Being firmly rooted in gospel peace also brings stability amidst turmoil and enables believers to stand our ground against spiritual attacks.

The Gospel of Peace in Romans

Romans 10:15 quotes from Isaiah 52 regarding the coming of those who “preach the gospel of peace” and “bring glad tidings of good things.” This connects back to the shod imagery, picturing messengers urgently spreading the gospel with their “beautiful feet.”

The gospel is described as “good news of peace” because it offers peace and reconciliation with God through Christ’s atoning sacrifice on the cross.

Those who believe in their hearts and confess with their mouth that Jesus Christ is Lord, putting their faith and trust in His finished work (Romans 10:9-10), receive forgiveness, salvation, and peace with God.

Therefore, those who have accepted this free gift of salvation through grace are exhorted to rapidly advance this gospel of peace to all who will hear it, walking steadily in their calling as ambassadors of Christ.

Romans 5 expands on the blessings and benefits of having peace with God through faith in Christ. This includes gaining access to God’s grace, rejoicing in future hope and glory, receiving God’s love through the Holy Spirit, and boasting in God during trials and suffering.

Therefore, the gospel of peace brings deep spiritual peace, stability, and steadfast hope amidst all of life’s uncertainties and difficulties.

Interpreting ‘Shod’ Symbolically and Spiritually

Shod Feet as Preparedness and Readiness

In the Bible, the concept of having one’s feet “shod” carries deep symbolic meaning. Shoes provide protection and enable mobility, thus the common Biblical metaphor of “shod feet” represents spiritual preparedness, readiness to spread the gospel, and sure-footedness on one’s faith journey.

Scripture urges believers to “have your feet shod with the preparation of the gospel of peace” (Ephesians 6:15). Just as sturdy shoes allow a traveler to walk for miles over rough terrain, embracing the gospel message equips Christians to confidently traverse all of life’s twists and turns while sharing their faith.

Having shod feet also connotes being steadfast, “sure-footed as deer” (Psalm 18:33), and “standing firm” by faith (Ephesians 6:14).

Donning practical footwear to protect one’s feet was especially important in Biblical times when long distances were often covered by walking on dusty roads or rugged wilderness trails. Hence God’s command to the Israelites to eat the Passover meal “with your sandals on your feet” (Exodus 12:11), indicating travel readiness.

For Moses, removing his sandals on holy ground (Exodus 3:5) signified respect and humility before God’s glory.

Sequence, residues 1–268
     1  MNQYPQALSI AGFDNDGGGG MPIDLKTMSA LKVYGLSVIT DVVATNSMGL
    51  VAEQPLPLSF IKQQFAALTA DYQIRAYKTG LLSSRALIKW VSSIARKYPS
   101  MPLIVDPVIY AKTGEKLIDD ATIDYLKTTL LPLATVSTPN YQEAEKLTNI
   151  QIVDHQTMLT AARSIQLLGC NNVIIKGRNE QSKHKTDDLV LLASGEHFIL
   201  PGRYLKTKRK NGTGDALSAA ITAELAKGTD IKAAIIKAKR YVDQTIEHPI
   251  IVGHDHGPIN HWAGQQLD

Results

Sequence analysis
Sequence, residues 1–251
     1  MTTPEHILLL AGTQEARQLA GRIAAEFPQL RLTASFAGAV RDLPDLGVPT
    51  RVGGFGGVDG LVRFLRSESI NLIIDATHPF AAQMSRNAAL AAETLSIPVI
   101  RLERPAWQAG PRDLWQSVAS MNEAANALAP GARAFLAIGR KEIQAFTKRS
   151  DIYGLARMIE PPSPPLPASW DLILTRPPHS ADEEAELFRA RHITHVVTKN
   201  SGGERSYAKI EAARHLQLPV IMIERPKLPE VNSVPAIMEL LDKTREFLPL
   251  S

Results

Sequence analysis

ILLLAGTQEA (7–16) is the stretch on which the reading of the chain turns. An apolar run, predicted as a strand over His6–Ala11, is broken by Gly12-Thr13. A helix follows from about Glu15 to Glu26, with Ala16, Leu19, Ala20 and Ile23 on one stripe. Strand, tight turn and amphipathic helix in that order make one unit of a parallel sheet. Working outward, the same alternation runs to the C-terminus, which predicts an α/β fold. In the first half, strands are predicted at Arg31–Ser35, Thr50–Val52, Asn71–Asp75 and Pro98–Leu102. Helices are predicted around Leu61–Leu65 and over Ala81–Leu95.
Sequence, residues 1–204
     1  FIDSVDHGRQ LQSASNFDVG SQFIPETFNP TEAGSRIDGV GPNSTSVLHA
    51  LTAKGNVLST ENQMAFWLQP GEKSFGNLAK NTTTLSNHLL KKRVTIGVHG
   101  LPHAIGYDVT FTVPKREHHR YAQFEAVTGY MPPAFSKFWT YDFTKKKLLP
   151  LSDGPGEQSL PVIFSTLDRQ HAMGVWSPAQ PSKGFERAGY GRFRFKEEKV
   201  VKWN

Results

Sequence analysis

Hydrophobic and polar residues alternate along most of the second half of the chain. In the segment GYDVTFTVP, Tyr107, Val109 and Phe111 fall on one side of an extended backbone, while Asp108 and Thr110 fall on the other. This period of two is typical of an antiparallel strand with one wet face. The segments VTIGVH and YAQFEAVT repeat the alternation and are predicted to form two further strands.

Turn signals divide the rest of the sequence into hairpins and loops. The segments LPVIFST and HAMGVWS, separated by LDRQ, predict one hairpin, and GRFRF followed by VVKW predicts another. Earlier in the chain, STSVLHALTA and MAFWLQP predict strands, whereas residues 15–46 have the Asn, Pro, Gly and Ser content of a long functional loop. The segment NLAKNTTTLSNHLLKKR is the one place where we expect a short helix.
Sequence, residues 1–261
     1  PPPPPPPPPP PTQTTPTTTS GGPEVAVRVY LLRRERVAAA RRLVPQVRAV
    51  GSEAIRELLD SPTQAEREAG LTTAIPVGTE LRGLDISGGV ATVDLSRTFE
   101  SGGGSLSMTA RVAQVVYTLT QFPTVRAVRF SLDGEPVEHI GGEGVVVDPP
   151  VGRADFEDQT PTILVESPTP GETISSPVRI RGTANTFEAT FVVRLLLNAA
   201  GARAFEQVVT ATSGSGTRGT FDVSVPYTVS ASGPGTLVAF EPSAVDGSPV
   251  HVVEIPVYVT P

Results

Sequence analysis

All in all, maintaining well-fitted shoes speaks of spiritual attentiveness and preparedness to follow God’s leading. As Matthew Henry’s commentary notes regarding 1 Peter 3:15 (“be ready to give a defense to anyone who asks”), Christians must “keep their feet shod with the preparation of the gospel of peace” – ever ready to walk with the Good News as the Lord directs.

The Protective Nature of Footwear

At heart, the Biblical exhortation to have one’s feet “shod with the gospel” is a call to embrace God’s Word as a spiritual defense – like a protective barrier shielding believers from doubt or false teachings.

Just as shoes keep one’s feet safe from the elements – sharp stones, hot sand, thorns, snakes – clinging to the hope of the gospel serves as armor guarding our hearts and minds (1 Thessalonians 5:8).

The Bible clarifies that faith itself serves as a “shield” quenching deceptive “flaming arrows” (Ephesians 6:16). When our minds are shod with scriptural truth, it fortifies us to withstand the enemy’s lies.

Similarly, Isaiah speaks glowingly of God preparing His people to stand firm in righteousness like those wearing protective “garments of salvation” and “robes of righteousness” (Isaiah 61:10).

Truly the gospel is “the power of God for salvation” (Romans 1:16), actively guarding all who take shelter in Christ. God’s Word also enables believers to move freely and unhindered, as David declared: “For you have delivered my soul from death…that I may walk before God in the light of life” (Psalm 56:13).

With feet planted in the unchanging gospel, Christians can confidently journey onward without fear of stumbling.

According to statistics from Barna research, roughly two-thirds of young American adults who grew up Christian end up leaving the faith at some point. Tragically, many fall away because they lacked sure footing – never fully anchoring themselves in scriptural truth or experiencing the gospel’s saving power.

Having one’s feet “shod with readiness” could make all the difference (Ephesians 6:15).


As we’ve seen, the word ‘shod’ in the Bible literally refers to equipping oneself with footwear. But it often carries a deeper symbolic meaning of spiritual readiness, preparation, and protection against worldly influences.

By studying how shod is used throughout Scripture, we gain insight into the biblical writers’ perspective on standing firm in the faith. Whether taken literally or figuratively, being shod is closely tied to the believer’s call to embrace the gospel of peace.